dic·​tion | \ ˈdik-shən How to pronounce diction (audio) \

Definition of diction

1a : vocal expression : enunciation
b : pronunciation and enunciation of words in singing
2 : choice of words especially with regard to correctness, clearness, or effectiveness
3 obsolete : verbal description

Other Words from diction

dictional \ ˈdik-​shnəl How to pronounce diction (audio) , -​shə-​nᵊl \ adjective
dictionally \ ˈdik-​shnəl-​ē How to pronounce diction (audio) , -​shə-​nᵊl-​ \ adverb

Did you know?

When your English teacher complains about some of the words you chose to use in an essay, she's talking about your diction. She may also use the term when commenting on the word choices made by a poet, and why a particular word was the best one possible in a particular line. But the second meaning of diction is just as common, and your English teacher might use that one on you as well, especially when she's asked you to read something aloud and you mumble your way through it.

Examples of diction in a Sentence

He has wisely chosen to render almost all the material in what novelists and writers of creative nonfiction like to call "close third person," approximating the diction and consciousness of his characters but retaining the freedom to wander into the bigger picture. — Thomas Mallon, New York Times Book Review, 22 Feb. 2009 No one is better than Didion at using flatness of affect and formality of diction to convey seething anger and disdain. New Yorker, 8 Oct. 2001 When he sang Anatol in the world premiere of Samuel Barber's Vanessa, in 1958, Gedda's performance received high marks for impeccable diction and enunciation—in that mostly American cast, he was the only principal whose English could be understood. — Patrick J. Smith, Opera News, November 1999 The actor's diction was so poor I could hardly understand what he was saying. The student's essay was full of careless diction.
Recent Examples on the Web The ensemble of observers is presented both in various group formations and, through deft shifts in point of view and diction, as distinctive voices. The New Yorker, 2 May 2022 Pattern, structure, repetition, rhythm, meter, diction — these transmute familiar, often banal sentiments about love’s old sweet song or Nature’s wonders into heartbreaking art. Washington Post, 27 Apr. 2022 Because candidates' statements are usually vacuous, journalists tend to emphasize superficial qualities of vocal tone, body language, or diction. Samuel Goldman, The Week, 15 Apr. 2022 John Relyea, as the Grand Inquisitor, had the requisite range and volume, yet his diction lacked bite, and his stage business was hackneyed. Alex Ross, The New Yorker, 14 Mar. 2022 Like an intricate recipe, her paragraphs balance interior and external worlds, elegant diction and workmanlike narrative. Washington Post, 15 Mar. 2022 Biden’s State of the Union address stayed the course of failure, delivered with nothing resembling panache or basic diction. Charles C. W. Cooke, National Review, 2 Mar. 2022 The diction is matter-of-fact, the syntax conventional; the imagery is simple and bare-boned. Donika Kelly, New York Times, 27 Jan. 2022 Val’s voice and diction would fit into a movie starring The Three Stooges, who grew up not far from here. Steve Ditlea, SPIN, 11 Feb. 2022 See More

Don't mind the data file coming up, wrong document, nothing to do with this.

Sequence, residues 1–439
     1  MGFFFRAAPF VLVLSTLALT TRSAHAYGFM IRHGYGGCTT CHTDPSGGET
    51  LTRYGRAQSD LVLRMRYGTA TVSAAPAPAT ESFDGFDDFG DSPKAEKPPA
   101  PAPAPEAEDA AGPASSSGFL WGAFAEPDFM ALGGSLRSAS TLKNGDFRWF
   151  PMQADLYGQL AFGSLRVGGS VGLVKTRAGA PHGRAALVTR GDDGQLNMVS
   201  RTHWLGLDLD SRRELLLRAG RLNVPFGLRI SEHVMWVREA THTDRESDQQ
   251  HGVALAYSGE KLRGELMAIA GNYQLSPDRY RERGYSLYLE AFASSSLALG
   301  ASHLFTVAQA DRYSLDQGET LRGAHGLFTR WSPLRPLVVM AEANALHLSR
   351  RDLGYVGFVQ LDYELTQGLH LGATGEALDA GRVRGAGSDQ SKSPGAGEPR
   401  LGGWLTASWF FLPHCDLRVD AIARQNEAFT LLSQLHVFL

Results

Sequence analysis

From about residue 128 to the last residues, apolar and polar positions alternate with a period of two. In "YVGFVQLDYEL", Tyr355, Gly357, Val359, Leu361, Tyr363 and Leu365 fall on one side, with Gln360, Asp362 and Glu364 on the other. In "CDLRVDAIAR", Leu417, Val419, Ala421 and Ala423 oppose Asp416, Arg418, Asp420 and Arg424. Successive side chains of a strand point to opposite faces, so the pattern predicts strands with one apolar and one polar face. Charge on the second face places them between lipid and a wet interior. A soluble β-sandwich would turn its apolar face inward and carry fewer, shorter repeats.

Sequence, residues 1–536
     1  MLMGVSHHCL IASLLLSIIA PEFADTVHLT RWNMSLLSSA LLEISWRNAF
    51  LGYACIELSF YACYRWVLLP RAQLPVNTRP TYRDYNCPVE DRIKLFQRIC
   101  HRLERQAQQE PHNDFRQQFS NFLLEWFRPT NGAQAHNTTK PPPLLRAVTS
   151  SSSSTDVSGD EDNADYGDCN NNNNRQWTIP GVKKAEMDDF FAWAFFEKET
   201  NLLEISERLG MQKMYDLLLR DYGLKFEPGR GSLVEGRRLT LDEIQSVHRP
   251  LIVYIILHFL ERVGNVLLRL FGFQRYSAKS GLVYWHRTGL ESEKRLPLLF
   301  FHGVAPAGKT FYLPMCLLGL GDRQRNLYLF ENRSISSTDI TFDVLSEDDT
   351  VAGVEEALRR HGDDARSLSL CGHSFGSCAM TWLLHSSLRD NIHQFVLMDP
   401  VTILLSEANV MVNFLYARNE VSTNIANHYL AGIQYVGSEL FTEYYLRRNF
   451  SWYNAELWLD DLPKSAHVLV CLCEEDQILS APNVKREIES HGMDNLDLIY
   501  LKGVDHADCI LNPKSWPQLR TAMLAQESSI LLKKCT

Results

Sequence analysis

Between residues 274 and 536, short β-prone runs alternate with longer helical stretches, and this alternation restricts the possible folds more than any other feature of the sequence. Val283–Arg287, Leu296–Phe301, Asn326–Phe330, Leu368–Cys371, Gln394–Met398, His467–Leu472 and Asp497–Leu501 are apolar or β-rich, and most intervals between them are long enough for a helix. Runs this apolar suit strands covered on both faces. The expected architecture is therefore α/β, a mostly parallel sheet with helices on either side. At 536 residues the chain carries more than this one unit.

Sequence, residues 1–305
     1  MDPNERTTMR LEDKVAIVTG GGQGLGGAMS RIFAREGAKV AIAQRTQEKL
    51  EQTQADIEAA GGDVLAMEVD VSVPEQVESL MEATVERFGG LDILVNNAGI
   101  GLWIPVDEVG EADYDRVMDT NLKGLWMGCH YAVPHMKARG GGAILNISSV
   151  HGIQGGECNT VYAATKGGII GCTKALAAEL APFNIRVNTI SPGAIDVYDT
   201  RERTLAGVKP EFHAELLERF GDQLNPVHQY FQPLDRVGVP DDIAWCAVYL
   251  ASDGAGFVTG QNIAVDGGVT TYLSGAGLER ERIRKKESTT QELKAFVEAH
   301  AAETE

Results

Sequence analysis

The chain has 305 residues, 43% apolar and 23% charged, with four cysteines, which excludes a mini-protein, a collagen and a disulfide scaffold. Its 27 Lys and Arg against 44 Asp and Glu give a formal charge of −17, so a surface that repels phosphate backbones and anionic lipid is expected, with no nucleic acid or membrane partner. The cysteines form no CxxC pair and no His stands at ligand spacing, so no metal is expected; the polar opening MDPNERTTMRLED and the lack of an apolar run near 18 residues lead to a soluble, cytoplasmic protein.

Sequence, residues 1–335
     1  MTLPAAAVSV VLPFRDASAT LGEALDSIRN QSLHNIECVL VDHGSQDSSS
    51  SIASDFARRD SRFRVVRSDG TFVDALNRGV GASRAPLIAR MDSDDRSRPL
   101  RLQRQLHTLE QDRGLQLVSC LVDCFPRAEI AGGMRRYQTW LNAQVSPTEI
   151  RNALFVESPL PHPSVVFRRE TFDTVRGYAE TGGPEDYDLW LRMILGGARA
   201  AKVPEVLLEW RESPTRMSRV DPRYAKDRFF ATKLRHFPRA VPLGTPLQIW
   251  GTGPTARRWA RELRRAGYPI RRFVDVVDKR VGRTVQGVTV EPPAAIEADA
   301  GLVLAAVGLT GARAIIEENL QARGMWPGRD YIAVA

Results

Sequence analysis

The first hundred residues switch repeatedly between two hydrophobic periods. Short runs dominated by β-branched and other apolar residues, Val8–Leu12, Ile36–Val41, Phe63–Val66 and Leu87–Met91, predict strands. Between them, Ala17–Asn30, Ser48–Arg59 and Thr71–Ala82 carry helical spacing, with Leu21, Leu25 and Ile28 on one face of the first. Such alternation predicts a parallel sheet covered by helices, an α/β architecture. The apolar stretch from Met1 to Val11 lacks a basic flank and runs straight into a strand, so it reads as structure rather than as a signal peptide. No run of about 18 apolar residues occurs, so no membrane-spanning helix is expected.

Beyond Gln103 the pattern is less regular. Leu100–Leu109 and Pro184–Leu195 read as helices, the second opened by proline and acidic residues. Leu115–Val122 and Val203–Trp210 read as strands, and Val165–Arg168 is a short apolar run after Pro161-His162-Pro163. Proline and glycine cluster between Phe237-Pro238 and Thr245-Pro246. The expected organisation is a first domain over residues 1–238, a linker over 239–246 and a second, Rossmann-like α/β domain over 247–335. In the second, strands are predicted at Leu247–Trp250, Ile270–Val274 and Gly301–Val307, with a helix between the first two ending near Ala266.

These example sentences are selected automatically from various online news sources to reflect current usage of the word 'diction.' Views expressed in the examples do not represent the opinion of Merriam-Webster or its editors. Send us feedback.

First Known Use of diction

1581, in the meaning defined at sense 3

History and Etymology for diction

earlier, "word, phrase," going back to Middle English dicion "saying," borrowed from Anglo-French & Latin; Anglo-French dictyoun "word," borrowed from Latin dictiōn-, dictiō "act of speaking, speech, (in grammar) word, expression, form," from dic-, variant stem of dīcere "to talk, speak, say, utter" + -tiōn-, -tiō, suffix of action nouns; dīcere going back to Indo-European *dei̯ḱ- "show, point out," whence also, with varying ablaut, Germanic *tīh-a- "point out" (whence Old English tēon "to accuse," Old Saxon aftīhan "to deny," Old High German zīhan "to accuse," Old Norse tjā, tēa "to show, report," Gothic gateihan "to announce, tell"), Greek deíknȳmi, deiknýnai "to show, point out," Sanskrit diśati "(s/he) shows, exhibits"

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The first known use of diction was in 1581

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Last Updated

6 May 2022

Cite this Entry

“Diction.” Merriam-Webster.com Dictionary, Merriam-Webster, https://www.merriam-webster.com/dictionary/diction. Accessed 27 May. 2022.

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More Definitions for diction


dic·​tion | \ ˈdik-shən How to pronounce diction (audio) \

Kids Definition of diction

1 : choice of words especially with regard to correctness, clearness, and effectiveness
2 : the ability to say words

More from Merriam-Webster on diction

Nglish: Translation of diction for Spanish Speakers

Britannica English: Translation of diction for Arabic Speakers

Britannica.com: Encyclopedia article about diction


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